It’s easy to criticize the pastor and I know that for two reasons. One is I was a preaching pastor for almost 40 years in two churches; and the other is that on many Sundays the last 20 months I have been listening as a worshiper in a variety of congregations. That means I have been criticized, and I have also criticized.

The reality is that like all positions of leadership and being up front pastors will be criticized. As has often been said: “it comes with the territory.” Pastors should not be surprised by criticism. And the criticism, of course, is not limited to their preaching. In my book A Pastor and the People: An inside Look through Letters I have a chapter entitled “Troublesome Letters” in which I include a variety of critical letters I received. To be fair I received many more letters of gratitude and appreciation than I did criticism, but the “Troublesome Letters” chapter is important.

Why do people criticize pastors? For many reasons. Charles Stone, who has written a lot about pastors, suggests seven reasons church people criticize pastors: they lack spiritual maturity, they feel they are losing the church they once knew, they don’t feel they have a voice, they don’t deal with change very well, they need to find something or someone toward which to vent their hurt caused by other life issues, they are truly malevolent people committed to your demise, and they have a point. Reasons two, three, and four in Stone’s list are all pretty much the same and do account for a lot of criticism. I have no personal experience with regard to reason six. I think reasons one, five, and seven are worth greater consideration.

We could probably attribute most criticism of pastors to a lack of spiritual maturity (Stone’s first reason), but not all of it. And if we look beneath the surface we will see a lot of venting of unrelated hurt (reason five) in people’s criticism of pastors. That’s a good thought for criticized pastors to keep in mind. But the reason I am most interested in is number seven: they have a point.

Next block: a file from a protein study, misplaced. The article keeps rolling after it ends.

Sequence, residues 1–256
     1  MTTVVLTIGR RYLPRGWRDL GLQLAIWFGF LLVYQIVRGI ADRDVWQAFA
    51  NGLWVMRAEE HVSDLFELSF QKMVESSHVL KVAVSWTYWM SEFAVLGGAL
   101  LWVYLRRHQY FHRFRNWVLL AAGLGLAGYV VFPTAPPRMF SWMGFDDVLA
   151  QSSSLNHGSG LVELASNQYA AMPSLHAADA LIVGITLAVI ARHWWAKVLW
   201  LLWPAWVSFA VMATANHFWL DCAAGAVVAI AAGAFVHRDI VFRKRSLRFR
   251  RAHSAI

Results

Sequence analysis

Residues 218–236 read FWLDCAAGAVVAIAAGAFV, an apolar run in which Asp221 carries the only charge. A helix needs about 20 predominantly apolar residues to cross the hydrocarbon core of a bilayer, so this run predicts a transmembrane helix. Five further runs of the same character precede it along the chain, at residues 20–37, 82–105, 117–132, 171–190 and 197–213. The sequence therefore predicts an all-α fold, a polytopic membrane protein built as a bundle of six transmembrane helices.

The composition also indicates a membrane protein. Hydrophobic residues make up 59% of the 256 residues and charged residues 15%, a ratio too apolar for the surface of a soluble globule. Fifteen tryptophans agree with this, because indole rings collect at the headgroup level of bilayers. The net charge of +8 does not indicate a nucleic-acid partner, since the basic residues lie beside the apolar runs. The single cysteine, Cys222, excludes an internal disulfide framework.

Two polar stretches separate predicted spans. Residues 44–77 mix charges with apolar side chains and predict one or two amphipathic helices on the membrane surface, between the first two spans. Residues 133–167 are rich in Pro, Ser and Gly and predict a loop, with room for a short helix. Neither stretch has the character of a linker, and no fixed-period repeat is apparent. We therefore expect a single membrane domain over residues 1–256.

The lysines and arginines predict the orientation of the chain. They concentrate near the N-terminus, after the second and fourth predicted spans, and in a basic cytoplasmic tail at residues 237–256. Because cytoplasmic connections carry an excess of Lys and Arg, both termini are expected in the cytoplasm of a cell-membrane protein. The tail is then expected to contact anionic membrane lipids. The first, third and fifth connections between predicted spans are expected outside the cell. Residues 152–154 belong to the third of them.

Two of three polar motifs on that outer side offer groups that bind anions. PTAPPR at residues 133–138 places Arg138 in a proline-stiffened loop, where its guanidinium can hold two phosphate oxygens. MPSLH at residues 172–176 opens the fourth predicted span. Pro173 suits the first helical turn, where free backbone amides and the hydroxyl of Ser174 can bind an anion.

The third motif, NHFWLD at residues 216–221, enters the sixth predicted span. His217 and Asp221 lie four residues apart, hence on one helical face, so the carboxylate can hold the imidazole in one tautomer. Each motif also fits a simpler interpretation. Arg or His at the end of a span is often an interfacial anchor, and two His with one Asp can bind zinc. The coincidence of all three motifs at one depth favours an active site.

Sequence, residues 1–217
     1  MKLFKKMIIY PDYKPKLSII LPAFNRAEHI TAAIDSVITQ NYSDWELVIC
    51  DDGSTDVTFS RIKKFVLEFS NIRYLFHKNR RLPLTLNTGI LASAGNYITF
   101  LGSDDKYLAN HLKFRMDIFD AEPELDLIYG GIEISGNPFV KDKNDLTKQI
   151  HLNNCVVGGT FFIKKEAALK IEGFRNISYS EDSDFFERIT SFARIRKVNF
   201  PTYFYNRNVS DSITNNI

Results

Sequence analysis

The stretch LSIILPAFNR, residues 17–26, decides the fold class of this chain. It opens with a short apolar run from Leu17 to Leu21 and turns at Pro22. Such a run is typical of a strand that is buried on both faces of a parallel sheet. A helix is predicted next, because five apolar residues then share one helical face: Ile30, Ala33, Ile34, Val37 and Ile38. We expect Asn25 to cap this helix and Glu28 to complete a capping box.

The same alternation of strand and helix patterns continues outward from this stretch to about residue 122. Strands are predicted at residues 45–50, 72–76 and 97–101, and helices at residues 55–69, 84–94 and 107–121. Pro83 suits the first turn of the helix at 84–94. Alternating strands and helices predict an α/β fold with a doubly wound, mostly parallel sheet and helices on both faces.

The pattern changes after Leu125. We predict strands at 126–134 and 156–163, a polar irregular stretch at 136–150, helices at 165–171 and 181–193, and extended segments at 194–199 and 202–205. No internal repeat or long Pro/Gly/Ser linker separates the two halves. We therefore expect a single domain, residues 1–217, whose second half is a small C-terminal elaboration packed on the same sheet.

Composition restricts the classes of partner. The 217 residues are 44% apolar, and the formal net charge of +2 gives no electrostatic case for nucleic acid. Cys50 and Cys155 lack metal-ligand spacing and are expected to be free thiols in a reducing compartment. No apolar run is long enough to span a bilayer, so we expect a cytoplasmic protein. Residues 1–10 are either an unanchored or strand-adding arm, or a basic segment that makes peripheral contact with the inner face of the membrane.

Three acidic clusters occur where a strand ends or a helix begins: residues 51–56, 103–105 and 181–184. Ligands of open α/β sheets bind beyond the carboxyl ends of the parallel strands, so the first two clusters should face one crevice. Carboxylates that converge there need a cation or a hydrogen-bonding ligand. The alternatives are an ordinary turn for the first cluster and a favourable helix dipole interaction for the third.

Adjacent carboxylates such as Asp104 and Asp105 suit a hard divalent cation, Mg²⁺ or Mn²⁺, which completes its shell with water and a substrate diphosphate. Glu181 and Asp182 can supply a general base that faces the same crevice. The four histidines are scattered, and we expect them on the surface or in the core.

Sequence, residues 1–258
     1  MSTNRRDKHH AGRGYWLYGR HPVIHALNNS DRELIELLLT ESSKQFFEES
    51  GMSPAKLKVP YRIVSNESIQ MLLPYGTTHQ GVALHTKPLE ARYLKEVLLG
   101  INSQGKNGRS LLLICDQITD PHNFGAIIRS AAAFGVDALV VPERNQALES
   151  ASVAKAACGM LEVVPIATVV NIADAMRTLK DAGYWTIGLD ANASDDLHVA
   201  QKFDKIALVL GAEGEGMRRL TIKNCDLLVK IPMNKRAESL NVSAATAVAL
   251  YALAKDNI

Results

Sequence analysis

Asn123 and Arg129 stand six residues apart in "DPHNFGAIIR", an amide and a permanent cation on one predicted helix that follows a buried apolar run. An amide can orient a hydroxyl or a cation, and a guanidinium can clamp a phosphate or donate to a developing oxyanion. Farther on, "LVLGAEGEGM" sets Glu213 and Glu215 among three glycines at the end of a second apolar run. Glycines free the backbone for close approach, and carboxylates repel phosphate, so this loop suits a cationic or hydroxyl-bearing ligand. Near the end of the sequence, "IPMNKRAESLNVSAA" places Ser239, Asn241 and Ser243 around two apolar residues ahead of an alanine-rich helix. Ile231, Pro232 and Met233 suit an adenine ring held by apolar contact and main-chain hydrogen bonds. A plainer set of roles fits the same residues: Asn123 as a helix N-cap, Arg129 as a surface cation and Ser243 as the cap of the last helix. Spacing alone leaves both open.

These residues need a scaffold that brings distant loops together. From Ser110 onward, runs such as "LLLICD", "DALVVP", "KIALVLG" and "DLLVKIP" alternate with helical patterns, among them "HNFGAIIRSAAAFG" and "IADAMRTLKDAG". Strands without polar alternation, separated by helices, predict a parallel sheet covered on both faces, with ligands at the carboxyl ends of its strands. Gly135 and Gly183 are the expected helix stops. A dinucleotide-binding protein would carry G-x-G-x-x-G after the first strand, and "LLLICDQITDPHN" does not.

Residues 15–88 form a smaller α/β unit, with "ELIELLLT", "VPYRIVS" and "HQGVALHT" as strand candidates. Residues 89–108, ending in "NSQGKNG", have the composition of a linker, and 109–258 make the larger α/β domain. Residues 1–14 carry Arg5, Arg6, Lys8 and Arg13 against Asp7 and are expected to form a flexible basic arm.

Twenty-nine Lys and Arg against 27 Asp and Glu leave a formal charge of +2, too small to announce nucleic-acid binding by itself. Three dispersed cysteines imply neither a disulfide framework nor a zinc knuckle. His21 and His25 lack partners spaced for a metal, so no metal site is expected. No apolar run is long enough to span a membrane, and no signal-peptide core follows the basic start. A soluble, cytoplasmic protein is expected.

Pastors are not above or beyond criticism. No one is. In the introduction to A Pastor and the People I suggest “Perhaps the bottom line in receiving criticism is to ask if it is valid.” That requires a measure of humility, but the uncomfortable truth is that the critic may be right. In the opening to the chapter on “Troublesome Letters” I acknowledge “Not all of these letters are troublesome because they are critical. Several of them are troublesome because they are true” (p. 79). Pastors need to admit it when they are wrong without thinking the admission will diminish their status. It many cases it will enhance it.

To both pastors and those who criticize them I would encourage making a real effort to understand the other. Keep in mind that although it is not a spiritual gift, there is a place for constructive criticism. None of us is perfect. Criticism is rarely pleasant, but it is sometimes needed. As Pastor Jason Byassee notes, “it is comforting that God only has, and has ever had, sinners [imperfect people] to work with.”

Please share these thoughts with others and consider leaving a reply below.